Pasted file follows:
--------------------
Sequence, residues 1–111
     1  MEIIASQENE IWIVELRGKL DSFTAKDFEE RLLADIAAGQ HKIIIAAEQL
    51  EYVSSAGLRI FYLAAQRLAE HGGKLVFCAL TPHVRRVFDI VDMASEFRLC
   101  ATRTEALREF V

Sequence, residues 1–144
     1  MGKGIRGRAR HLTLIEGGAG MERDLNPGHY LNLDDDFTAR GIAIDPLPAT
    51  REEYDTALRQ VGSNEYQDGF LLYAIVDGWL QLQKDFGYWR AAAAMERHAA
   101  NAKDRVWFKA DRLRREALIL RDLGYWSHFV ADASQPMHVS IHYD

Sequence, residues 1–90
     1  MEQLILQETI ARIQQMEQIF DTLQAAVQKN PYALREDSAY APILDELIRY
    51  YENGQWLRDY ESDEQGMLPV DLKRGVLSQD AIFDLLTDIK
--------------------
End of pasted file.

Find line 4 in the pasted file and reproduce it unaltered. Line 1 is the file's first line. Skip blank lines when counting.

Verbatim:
   101  ATRTEALREF V